Tiger faeces give an estimate of its population
researchers from Bengaluru extracted dna from tigers' faeces to estimate their population. Not only did it turn out to be as accurate as the camera trap method, it also provided information on the animal's genetic diversity.
Faeces were collected in Bandipur National Park in Karnataka and analyzed for dna. The population estimate was 62 tigers. This was compared with earlier estimates made using camera traps. The two were identical, indicating that the faecal dna method was as accurate as camera traps.
For the faecal method, one needs to identify markers on the dna strand. These markers are unique to each tiger. Since tigers have a low genetic diversity five markers in the dna strand of one tiger were enough for Bandipur, said the team. "The chances of making a mistake with five markers are once in 200 times, which is okay given the tiger population is definitely less than 100," said Uma Ramakrishnan, one of the authors.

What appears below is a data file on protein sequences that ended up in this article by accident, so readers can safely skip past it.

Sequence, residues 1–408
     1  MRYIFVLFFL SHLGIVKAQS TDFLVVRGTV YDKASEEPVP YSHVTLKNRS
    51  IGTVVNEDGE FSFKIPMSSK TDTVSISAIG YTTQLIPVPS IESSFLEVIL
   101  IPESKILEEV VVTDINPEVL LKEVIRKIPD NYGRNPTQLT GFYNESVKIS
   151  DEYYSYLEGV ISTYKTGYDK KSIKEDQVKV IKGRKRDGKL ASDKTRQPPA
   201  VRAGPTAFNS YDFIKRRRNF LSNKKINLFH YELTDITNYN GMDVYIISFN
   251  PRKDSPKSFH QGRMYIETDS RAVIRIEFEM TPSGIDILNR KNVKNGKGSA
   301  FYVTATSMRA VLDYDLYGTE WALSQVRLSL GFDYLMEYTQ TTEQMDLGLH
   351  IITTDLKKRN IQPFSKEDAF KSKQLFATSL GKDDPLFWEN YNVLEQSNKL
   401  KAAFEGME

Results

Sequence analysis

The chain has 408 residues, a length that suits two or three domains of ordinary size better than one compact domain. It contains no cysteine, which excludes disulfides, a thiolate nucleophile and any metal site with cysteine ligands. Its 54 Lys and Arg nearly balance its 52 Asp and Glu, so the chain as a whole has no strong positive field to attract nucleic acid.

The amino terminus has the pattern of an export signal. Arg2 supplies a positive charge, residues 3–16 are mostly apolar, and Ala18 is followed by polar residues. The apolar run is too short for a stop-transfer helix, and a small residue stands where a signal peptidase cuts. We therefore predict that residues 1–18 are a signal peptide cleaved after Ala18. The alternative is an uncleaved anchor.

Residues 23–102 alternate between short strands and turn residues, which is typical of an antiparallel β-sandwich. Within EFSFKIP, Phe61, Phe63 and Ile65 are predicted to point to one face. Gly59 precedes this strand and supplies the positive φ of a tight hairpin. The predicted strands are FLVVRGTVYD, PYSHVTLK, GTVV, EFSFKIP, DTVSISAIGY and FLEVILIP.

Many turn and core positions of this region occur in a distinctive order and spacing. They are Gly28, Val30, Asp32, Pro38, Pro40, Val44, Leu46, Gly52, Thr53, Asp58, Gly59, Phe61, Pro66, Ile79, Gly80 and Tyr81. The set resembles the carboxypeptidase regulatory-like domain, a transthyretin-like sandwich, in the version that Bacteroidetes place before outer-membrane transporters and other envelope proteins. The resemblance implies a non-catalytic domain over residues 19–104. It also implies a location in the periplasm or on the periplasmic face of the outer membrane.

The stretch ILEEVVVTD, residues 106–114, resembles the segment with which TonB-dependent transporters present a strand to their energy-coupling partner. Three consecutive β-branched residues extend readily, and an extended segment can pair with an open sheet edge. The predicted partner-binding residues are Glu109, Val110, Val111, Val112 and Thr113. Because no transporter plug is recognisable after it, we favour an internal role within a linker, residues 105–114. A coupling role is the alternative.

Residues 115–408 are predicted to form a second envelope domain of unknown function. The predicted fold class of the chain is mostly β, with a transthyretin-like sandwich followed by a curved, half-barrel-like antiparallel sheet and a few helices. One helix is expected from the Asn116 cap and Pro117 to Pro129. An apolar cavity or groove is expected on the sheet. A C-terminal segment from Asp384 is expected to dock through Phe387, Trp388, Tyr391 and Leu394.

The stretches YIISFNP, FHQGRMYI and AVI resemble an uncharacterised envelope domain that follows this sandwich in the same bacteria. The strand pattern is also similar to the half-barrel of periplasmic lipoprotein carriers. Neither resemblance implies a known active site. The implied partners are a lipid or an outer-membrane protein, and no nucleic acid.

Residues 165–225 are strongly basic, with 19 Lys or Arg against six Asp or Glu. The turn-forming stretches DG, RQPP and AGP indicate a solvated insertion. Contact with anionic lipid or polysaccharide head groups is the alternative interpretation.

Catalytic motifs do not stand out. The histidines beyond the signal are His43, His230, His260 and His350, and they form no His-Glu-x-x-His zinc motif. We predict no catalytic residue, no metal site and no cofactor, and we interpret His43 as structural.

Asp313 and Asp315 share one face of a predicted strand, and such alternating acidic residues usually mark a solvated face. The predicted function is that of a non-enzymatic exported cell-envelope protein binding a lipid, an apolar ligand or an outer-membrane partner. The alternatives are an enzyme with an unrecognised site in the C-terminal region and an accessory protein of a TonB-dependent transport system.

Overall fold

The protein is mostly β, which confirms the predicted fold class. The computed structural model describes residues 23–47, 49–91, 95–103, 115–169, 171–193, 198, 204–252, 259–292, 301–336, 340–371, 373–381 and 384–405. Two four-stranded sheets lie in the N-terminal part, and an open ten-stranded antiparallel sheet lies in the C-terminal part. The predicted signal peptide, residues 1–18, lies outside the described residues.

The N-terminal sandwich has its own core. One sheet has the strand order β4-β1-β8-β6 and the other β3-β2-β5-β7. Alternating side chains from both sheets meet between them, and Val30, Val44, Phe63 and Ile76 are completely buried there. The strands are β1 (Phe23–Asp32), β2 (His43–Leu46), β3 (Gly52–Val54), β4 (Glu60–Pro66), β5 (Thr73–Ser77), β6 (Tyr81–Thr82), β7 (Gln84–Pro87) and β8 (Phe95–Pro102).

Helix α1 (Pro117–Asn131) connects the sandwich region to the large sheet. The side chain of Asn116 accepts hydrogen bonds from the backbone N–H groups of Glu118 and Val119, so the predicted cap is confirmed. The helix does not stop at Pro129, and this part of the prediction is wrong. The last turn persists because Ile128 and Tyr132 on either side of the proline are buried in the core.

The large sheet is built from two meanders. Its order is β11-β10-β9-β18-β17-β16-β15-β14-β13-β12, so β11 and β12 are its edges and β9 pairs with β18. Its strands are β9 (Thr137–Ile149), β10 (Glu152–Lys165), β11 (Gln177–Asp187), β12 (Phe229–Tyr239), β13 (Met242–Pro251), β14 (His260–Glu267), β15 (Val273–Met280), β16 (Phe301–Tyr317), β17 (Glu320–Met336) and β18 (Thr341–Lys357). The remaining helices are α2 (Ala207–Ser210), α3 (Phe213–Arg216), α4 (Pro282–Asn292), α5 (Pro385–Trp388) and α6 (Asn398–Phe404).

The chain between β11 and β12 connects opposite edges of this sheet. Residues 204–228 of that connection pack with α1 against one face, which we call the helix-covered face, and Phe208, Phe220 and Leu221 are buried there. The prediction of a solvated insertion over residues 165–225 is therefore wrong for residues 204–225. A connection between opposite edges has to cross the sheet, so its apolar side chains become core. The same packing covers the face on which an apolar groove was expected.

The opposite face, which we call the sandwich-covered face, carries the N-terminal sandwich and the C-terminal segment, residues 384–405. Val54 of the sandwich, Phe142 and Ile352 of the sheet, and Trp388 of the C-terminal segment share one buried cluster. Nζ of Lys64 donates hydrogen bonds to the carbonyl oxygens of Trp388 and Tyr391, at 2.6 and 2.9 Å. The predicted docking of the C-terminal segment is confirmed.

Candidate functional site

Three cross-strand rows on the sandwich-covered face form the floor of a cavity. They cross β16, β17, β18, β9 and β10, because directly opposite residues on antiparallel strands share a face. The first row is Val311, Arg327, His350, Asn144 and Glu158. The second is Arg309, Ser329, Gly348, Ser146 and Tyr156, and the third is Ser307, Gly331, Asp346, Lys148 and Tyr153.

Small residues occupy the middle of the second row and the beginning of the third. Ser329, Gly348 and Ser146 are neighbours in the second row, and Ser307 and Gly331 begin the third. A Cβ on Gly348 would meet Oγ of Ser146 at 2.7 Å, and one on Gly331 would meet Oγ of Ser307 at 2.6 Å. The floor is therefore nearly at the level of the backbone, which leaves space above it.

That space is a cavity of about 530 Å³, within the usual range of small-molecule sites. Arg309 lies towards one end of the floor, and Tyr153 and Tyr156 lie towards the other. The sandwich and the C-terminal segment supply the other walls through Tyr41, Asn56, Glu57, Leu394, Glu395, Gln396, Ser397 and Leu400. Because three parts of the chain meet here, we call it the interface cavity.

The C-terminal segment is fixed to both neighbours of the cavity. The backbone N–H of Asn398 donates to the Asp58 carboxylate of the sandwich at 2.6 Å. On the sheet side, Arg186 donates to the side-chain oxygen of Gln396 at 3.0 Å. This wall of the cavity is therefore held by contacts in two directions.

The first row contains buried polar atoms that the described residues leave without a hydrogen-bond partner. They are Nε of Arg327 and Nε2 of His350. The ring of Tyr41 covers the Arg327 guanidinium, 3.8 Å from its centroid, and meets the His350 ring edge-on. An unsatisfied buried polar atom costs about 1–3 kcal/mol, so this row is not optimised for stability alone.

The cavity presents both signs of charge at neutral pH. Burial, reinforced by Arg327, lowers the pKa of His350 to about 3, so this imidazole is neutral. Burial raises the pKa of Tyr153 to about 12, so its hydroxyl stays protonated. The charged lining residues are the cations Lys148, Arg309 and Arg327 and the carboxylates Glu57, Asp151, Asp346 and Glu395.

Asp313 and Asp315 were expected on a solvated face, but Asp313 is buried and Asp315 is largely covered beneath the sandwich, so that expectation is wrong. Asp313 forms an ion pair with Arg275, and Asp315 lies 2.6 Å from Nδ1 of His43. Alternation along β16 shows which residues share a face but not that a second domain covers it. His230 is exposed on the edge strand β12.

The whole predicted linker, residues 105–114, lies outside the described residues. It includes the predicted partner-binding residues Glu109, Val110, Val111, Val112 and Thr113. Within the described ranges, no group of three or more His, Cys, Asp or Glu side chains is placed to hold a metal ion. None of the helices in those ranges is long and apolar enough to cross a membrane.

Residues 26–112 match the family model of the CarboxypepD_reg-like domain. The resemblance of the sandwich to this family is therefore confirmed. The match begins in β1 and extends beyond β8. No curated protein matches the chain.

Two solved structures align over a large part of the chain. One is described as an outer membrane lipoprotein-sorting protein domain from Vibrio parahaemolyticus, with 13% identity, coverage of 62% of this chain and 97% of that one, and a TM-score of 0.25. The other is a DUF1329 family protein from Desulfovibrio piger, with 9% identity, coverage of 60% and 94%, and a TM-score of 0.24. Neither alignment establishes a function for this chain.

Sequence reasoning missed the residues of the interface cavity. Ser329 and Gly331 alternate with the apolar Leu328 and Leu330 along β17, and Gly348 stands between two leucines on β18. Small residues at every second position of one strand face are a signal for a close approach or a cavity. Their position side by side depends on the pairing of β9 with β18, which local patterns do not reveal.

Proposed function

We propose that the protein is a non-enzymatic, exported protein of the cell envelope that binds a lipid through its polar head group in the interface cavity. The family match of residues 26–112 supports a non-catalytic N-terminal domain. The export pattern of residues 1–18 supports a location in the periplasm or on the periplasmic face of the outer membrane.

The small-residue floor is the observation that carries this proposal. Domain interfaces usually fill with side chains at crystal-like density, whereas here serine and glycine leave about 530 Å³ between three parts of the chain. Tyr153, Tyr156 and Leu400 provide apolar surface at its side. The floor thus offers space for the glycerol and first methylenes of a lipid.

In case of the camera trap methodology, there are possibilities of camera thefts and difficulty in capturing inaccessible terrains. Moreover, it is used for animals which can be counted using distinguishing marks; stripe patterns are unique to each tiger. This is where genetic sampling gets an edge over camera traps, said the study published in the June 17 issue of Biological Conservation. It can be used for species which don't have distinguishing marks between individuals. This method is also cheaper than using camera traps--Rs 11,095 per animal identified through camera versus Rs 7,413 for dna analyses.
Before camera traps, the standard method followed by wildlife researchers was counting pugmarks. The 2008 census using this method found 80 tigers in Bandipur.
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